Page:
Today my friend and I walked near her home, up a hill I hadn’t climbed in many years. After we’d descended, I remembered a second, narrower path up the side, so we climbed the hill again We were talking about fairy tales. I’ve been reading them again lately, and had guessed, with certainty, that my friend had been raised on them as I was. It turns out that just a month ago, she had realized that her moral centre came from reading fairy tales: to help; to set off; to be brave, modestly; to meet others with an entire heart (and deke around the opportunistic ones); to expect good to prevail.
We met over twenty years ago, when our daughters were very young. A long time ago, I considered her a sister, which makes friendship easier—that blood bond. Fairy tales are told in a way that academics are never able to describe. Without earnestness, and only the most salient details.
It’s called Cairn Hill, but we didn’t even look at the cairn once we’d reached the top. We’re more the cauldron types. We’d never think to claim territory, or to try to leave an unmovable mark—we’d laugh at the silliness of it.
Your eye travels far at the top of that hill. The entire city lay at our feet. We found a friend’s house across the bay, and stared a long time at the new bascule bridge that divides the inner harbour and upper harbour, memorising what it looks like when it’s raised. I’m sure we both noticed the man lying on his back on the moss at the top, and that we individually determined what parts of our conversation we could trust him with, and accordingly lowered our voices or set subjects aside for later. A silver spoon lay among the rocks, only its bowl visible, bright as the setting of a brooch. Later when I mentioned it, my friend nodded that she’d seen it too.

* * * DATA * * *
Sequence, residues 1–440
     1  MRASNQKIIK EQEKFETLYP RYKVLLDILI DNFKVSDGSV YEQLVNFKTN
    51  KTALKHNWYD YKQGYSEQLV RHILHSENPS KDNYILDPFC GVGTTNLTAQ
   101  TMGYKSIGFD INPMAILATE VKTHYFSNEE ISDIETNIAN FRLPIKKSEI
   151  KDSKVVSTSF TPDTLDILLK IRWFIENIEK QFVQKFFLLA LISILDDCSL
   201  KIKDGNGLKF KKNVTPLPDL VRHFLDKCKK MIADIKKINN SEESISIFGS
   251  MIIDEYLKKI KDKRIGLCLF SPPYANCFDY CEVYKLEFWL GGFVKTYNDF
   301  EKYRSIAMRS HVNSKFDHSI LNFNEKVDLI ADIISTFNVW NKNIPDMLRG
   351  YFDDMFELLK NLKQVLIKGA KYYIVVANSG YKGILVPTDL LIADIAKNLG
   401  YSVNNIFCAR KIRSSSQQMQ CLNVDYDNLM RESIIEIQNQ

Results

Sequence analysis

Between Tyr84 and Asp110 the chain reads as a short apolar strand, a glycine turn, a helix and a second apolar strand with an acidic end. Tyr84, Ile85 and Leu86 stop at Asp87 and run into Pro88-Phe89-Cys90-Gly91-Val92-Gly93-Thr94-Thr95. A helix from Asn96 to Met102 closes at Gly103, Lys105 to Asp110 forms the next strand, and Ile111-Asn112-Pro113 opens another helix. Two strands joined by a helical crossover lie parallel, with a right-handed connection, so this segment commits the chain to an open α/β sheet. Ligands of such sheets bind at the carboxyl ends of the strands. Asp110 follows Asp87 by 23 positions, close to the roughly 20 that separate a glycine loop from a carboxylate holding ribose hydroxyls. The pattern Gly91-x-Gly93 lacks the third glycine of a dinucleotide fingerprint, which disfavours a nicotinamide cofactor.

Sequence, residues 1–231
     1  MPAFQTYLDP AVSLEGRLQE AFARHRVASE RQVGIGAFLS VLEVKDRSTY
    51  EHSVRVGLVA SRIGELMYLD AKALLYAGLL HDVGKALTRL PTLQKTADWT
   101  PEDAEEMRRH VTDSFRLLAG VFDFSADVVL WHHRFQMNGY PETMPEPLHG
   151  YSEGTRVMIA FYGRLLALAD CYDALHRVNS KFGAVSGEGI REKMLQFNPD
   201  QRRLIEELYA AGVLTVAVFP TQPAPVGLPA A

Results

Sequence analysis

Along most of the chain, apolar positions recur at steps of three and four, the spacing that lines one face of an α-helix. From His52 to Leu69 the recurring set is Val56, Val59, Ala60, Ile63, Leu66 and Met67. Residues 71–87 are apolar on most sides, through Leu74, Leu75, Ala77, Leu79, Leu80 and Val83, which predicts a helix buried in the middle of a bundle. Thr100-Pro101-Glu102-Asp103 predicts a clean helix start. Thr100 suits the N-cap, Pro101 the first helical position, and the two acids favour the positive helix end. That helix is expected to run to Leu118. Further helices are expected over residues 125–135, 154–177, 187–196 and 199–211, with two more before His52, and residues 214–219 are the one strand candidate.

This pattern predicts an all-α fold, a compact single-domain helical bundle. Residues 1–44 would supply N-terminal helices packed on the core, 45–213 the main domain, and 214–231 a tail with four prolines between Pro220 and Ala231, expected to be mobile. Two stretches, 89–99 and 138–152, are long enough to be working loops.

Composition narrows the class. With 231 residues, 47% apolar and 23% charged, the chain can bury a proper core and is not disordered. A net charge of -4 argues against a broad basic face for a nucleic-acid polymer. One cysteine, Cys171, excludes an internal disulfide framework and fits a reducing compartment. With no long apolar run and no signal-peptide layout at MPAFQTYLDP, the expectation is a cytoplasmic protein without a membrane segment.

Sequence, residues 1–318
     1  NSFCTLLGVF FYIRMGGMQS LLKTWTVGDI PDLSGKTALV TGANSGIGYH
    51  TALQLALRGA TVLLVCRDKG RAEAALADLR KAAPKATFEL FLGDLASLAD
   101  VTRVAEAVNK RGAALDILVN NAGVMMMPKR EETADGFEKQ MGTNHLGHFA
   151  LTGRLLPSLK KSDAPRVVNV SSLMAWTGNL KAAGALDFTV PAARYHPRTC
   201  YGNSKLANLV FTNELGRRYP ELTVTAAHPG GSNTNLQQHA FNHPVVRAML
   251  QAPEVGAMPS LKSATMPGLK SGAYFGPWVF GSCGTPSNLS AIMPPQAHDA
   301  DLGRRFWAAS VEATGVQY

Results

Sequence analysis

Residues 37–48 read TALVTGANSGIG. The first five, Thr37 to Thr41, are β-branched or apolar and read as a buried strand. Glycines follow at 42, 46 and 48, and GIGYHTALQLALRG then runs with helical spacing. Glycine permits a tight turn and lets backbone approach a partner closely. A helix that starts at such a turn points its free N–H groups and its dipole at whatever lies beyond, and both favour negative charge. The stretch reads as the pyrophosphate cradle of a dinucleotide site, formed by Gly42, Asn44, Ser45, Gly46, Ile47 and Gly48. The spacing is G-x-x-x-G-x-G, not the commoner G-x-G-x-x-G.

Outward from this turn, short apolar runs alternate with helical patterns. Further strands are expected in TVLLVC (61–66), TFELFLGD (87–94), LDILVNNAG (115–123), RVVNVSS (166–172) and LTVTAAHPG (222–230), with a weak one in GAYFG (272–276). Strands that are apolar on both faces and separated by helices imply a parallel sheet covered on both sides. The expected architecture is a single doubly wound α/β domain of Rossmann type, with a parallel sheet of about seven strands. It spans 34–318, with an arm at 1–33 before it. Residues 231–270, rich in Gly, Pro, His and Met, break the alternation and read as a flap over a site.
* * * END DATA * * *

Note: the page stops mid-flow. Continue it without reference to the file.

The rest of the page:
Some months ago, she and I walked in an ancient forest for hours. It was the middle of summer, and a pandemic had kept everyone in their houses since the end of winter. We’d never been apart for so long, but we still didn’t embrace on seeing each other again. Still, we felt confident enough that the virus was not aware of us, so we set off together without too many worries. That forest would normally have been moderately busy with people and children and dogs, but it was just us. Everyone was in their houses, keeping safe. What we did see were thousands of small birds, high and low, unafraid of us. Berries were plenty. We were in awe at constellations of tiny white flowers in the thick moss, or how one tree sheltered another, or by three trees that had stood in a kind of circle, within six feet of each other, for at least 400 years. We felt strangely welcome, we said to each other, as if the forest knew we were there. We sat on a rocky knoll in the sun for a small feast of cheese, crackers, and olives, that my friend had brought, because she is smart about these things. I shared half a package of peanuts. My friend told me about the song she was writing, in Roma. She is a musician with a passion for Balkan music. I asked her to sing it to me. As she sang, a young hawk landed on the only tree near to us. When the song finished, it flew away.
Months have passed since that walk in the thick woods, and the pandemic remains. We did not hug today when we said hello, nor when we said goodbye. But I’d brought her a bottle of olive oil and she gave me three dark tomatoes to have with my lunch. And if anything is sure in the world, we will meet again.
With love, for Pam.